In the L.C. Smith College of Engineering and Computer Science, Assistant Dean Lori Hunter emanates an infectious enthusiam. She prides herself on knowing the college's students and makes it a point to speak to them wherever they cross paths. "I want students to understand that I can be trusted, that I believe in them and care about them," she says. "That, I think, makes a difference in terms of what I do and how I do it, and how it's received by students." |
When students enter Hunter's office, they know this is someone dedicated to inspiring success. Her office wall is decorated with framed quotes, including a favorite one from the Greek historian Polybius: "Some people give up their desires when they have almost reached their goal, while others, on the contrary, obtain a victory by exerting at the last moment more vigorous efforts than before."
Above all, Hunter wants students to achieve academic excellence. "I let them know from the beginning that I care about their successes and will match their efforts one-for-one provided they're working toward their goals," she says. "Sometimes just having someone else instill the belief that you can do something can make all the difference in the world."
At the forefront of Hunter's mission is Programs Rooted In Developing Excellence. PRIDE, as it's known, is designed to provide programs that foster the development and success of all the college's students, with an emphasis on the college's underrepresented populations, including African American, Latino, Native American, and female students. Among its offerings are Academic Excellence Workshops, incentive programs, the Syracuse Academic Improvement Program, and Summer Start, which eases transition to the college environment for incoming students. PRIDE also helps students identify financial aid and scholarship resources, offers career and personal counseling, and assists the campus chapters of the National Society of Black Engineers, Society of Hispanic Professional Engineers, and Society of Women Engineers. By including all students, each one gains from the diversity and a heightened awareness of the issues, Hunter says. "The best benefit is to give all students exposure to as much as we can and keep the focus on academic excellence."
Case in point: the Academic Excellence Workshop created to help students master calculus. Since its start in 1995, the workshop blossomed from 25 students and 4 facilitators to 137 students and 16 facilitators last fall. At the center of the popular workshop are trained undergraduate facilitators. They represent a variety of ethnic backgrounds and majors from the college's departments and have made the program immensely effective. Workshop participants profit from peer guidance and insight, while facilitators develop skills in leadership, group interaction, conflict resolution, and time management. "They are accountable and responsible, week in and week out, for preparing to go into the session and lead it," Hunter says. "They have to put essential skills into action, and they know they're contributing to the students' success."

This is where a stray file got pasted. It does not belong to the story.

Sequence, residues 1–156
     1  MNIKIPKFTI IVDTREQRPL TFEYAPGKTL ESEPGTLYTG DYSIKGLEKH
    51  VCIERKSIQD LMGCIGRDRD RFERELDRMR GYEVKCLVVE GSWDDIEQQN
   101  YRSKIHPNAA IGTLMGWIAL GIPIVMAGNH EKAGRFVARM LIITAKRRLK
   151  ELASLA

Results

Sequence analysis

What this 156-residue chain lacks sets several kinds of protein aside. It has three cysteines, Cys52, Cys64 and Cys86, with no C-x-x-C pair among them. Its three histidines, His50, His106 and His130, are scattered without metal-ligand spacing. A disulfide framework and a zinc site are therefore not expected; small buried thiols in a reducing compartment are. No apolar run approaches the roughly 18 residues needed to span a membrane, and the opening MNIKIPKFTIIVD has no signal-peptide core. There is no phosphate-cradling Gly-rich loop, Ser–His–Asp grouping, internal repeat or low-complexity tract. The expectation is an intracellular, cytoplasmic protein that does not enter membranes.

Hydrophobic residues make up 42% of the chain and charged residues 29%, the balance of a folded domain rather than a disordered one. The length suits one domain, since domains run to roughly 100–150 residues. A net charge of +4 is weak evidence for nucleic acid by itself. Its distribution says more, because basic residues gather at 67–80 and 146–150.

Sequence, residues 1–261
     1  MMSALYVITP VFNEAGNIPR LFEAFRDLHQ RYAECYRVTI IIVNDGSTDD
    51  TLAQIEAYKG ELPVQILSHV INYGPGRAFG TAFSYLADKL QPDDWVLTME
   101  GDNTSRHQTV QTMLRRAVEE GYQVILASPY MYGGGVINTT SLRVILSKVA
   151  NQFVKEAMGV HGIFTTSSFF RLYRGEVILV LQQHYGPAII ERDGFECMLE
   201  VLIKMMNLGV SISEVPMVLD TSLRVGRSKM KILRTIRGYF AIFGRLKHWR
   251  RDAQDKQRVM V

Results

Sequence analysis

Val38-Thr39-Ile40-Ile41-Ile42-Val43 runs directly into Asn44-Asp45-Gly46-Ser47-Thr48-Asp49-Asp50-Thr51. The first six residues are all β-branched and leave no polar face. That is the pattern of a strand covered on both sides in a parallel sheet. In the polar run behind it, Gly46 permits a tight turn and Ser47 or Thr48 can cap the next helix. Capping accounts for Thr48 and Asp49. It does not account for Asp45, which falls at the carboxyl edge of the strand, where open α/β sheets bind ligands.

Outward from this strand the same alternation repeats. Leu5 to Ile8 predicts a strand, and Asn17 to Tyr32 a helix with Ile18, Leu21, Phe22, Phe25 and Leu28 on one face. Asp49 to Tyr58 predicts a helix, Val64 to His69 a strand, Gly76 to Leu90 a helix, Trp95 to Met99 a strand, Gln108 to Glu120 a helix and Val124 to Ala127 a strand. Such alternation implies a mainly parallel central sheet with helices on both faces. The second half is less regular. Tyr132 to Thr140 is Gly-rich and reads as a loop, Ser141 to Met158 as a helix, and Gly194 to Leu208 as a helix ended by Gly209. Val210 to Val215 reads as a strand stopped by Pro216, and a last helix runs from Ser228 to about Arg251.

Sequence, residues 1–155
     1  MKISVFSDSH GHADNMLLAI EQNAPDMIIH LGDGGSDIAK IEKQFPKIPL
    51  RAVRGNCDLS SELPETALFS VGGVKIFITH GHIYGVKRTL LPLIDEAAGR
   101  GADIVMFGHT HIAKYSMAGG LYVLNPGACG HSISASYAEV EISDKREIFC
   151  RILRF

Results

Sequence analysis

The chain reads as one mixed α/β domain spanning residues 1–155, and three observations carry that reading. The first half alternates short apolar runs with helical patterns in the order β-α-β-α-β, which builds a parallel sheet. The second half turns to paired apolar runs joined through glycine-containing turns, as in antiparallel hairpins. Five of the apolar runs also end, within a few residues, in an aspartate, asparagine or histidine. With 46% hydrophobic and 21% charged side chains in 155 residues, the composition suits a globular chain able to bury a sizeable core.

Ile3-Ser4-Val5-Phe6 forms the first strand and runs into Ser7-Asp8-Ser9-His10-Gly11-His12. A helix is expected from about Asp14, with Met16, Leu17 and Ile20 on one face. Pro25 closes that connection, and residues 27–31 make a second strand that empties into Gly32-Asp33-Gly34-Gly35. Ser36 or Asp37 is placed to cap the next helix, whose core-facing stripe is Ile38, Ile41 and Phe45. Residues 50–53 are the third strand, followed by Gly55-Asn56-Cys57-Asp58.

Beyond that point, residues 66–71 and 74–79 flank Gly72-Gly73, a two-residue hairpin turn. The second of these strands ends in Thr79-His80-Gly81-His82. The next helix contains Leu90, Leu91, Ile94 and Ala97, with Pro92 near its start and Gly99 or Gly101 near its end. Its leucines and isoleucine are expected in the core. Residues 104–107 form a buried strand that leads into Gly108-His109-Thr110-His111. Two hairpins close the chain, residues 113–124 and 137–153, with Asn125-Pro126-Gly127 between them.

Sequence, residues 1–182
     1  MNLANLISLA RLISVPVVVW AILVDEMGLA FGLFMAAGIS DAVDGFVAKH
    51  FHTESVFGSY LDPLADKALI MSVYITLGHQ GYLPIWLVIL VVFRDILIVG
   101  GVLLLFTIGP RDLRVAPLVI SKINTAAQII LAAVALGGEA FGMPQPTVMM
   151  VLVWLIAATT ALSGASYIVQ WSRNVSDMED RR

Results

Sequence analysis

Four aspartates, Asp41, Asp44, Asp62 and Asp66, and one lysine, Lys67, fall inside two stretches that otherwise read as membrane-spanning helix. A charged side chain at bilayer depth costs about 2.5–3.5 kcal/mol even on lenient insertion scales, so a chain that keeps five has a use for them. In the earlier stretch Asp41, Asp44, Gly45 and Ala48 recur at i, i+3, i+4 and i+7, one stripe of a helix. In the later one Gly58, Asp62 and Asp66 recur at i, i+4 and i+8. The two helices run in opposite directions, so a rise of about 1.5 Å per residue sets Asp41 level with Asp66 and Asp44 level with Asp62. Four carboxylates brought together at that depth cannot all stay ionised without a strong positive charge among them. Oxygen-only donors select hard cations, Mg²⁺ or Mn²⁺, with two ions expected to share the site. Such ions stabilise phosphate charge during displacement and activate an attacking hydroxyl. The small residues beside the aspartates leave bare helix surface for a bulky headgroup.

Through PRIDE's support of student organizations, members develop personally and professionally, attending conferences, finding internships, and receiving other opportunities. The organizations also perform community outreach-an important service in the development of future students. "Those organizations reach back into the community and talk to young girls about math and science and their studies," Hunter says. "They tutor African American and Latino kids; they read to them and do educational activities in a way that the kids see that if these students can do it, they can do it too."|
Such positive interaction between students and the community plays an ever-increasing role on campus today. As the Middle States Report notes, the University must "create a positive campus environment for the education and personal development of undergraduate students." One of the most visible innovations aimed at improving the student life experience is the Center for Public and Community Service (CPCS). The center, established in 1994 under the direction of Associate of the Chancellor Mary Ann Shaw, serves as a strong connection between the University and the community, matching student organizations, individual students, faculty, and staff with public and community agencies. According to CPCS Director Pam Heintz, the center works with about 400 nonprofit organizations in Syracuse and Onondaga County, including up to 200 on a regular basis. More than 4,000 volunteers from the University annually contribute 400,000 hours of service to the community, Heintz estimates. "Service learning opportunities at the University have exploded," she says. "It has given a lot of students the chance to choose and engage in an activity that's good for them to do."
While Heintz admits service learning is not for every student and not every placement works out, she believes participants learn a great deal. "It's probably one of the most integral parts of overall learning that a student can participate in while at an institution of higher learning," she says. "A tremendous amount of individual consideration goes into each placement. It's very student-centered; every aspect of that experience is an opportunity to develop skills and learn about the application of theory in a practical setting."
The experience begins with the student's initial contact with the agency and encompasses everything from transportation worries to the realization that social ills aren't solved in a semester. Nonetheless, the experience can teach perseverance, a true appreciation for the complexity of today's social issues, and that assumptions are best left behind. "A lot of it makes the students uncomfortable, but they realize as they go along in life that they'll have to reexamine their assumptions all the time," Heintz says. "It can really have a profound impact on their lives."